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    The Ogiek, who number around 20,000, are arguably the largest hunter-gatherer community in Kenya.
   It seems likely that the Ogiek are aboriginal people of present-day East Africa and that originally they occupied the whole central highlands region. Today, the Ogiek occupy the Mau Escarpment and Aberdare around the Rift Valley, as well as part of the Mt Elgon Forest in western Kenya.
    Nagol, an Ogiek elder recollects: - Our forefathers told us that we occupied areas around forests in this country, before other tribes started coming in -.
The result of the loss of ancestral lands among the Ogiek is poverty, illiteracy and poor health; women are more disadvantaged because they lack property ownership rights and thus tend to be poorer. More than 90 per cent of the Ogiek could barely afford one proper meal a day.

    The Ogiek, having lost their traditional occupations, have been forced into cultivation farming. They lack cultivation skills and are exploited by middlemen when they seek to sell their produce.

    One traditional Ogiek occupation, honey production, could provide communities with a sustainable income, especially if the honey was processed locally, instead of being sold raw to middlemen. This would empower the community economically. Currently, bee-keeping is compromised by charcoal burning as well as pyrethrum cultivation. Charcoal burning destroys the forest and the fumes from the burning kill the bees.

    The clan (Oret), constituted by several local groups, is the land holding unit, and the most important unit socially. The Ogiek do not have centralized leadership institutions like chieftaincies or political councils.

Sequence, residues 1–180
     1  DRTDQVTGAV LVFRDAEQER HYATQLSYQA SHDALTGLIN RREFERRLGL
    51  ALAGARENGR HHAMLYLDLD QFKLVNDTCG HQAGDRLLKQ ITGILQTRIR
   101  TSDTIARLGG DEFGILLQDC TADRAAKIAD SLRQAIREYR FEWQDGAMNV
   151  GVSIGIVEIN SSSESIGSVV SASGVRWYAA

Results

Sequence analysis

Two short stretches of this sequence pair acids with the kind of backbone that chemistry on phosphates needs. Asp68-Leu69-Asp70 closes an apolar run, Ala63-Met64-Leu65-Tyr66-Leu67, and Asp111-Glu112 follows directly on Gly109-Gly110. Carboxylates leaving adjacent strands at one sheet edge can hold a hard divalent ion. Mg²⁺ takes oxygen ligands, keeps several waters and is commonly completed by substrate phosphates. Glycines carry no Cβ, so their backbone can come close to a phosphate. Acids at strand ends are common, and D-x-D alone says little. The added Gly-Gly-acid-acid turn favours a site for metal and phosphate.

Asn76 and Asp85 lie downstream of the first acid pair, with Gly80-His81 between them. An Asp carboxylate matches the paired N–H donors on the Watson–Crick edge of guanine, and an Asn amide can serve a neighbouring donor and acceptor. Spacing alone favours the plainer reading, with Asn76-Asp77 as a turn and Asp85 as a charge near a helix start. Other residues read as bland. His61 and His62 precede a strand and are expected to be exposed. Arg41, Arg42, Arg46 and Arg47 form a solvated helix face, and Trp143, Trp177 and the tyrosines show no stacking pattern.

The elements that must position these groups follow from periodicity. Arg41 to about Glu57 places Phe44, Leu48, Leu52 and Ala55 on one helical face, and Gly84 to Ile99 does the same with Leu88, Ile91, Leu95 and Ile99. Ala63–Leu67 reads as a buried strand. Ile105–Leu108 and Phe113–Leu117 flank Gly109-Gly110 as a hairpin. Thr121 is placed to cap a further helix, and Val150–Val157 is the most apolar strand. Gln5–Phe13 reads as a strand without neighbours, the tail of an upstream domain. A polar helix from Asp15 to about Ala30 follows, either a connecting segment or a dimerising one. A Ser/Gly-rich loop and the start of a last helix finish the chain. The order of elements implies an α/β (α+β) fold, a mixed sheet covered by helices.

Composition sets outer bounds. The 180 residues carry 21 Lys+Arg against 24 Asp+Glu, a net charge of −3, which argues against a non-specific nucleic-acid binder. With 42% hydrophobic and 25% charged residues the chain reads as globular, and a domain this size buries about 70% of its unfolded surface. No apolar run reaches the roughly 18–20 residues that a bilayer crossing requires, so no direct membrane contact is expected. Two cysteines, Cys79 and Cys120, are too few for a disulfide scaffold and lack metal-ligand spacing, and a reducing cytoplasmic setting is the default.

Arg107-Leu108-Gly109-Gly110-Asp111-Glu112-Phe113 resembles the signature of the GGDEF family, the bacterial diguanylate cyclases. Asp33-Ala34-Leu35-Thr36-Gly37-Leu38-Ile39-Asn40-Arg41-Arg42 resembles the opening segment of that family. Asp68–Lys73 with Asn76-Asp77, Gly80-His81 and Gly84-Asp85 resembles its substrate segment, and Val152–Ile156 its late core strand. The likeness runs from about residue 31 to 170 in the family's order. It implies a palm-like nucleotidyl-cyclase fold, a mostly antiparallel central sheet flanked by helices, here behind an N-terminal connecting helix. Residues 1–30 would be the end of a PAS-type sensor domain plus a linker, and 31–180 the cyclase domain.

Poverty among the Ogiek has resulted in high levels of illiteracy (more than 80 per cent), since parents cannot afford the cost of education. Girls are most affected by this. Most girls marry very young.

    Primary schools in Ogiek areas are scattered and there is no single secondary school specifically serving Ogiek children. Those who pass their primary school examinations have to go to boarding schools far away. Dropout rates are very high, especially at the secondary school level.

    Locked out of their pharmacies (the forests), and without money to access health facilities, which are in any case inadequate (there is only one doctor for the 6,000 people living in Mau), the health standards of the Ogiek have plummeted. Kaliasoi Chesinet, an Ogiek elder from Tinet in Nakuru District explains: - The forest is our hospital, where the herbs are -.

    The combination of poverty and inability to access their traditional medicine has resulted in low life expectancy for Ogiek people of about 46 years. Five out of ten children die before the age of five.
    Culture is the fabric that holds the Ogiek together. According to Mrs Rael Kibilo from Tinet forest: - Before our forests were cut down, we had our culture and traditions anyone who is destroying our forest is destroying our culture -. Displacement from the forests that are their cultural and spiritual temples erodes Ogiek culture and violates international human rights standards


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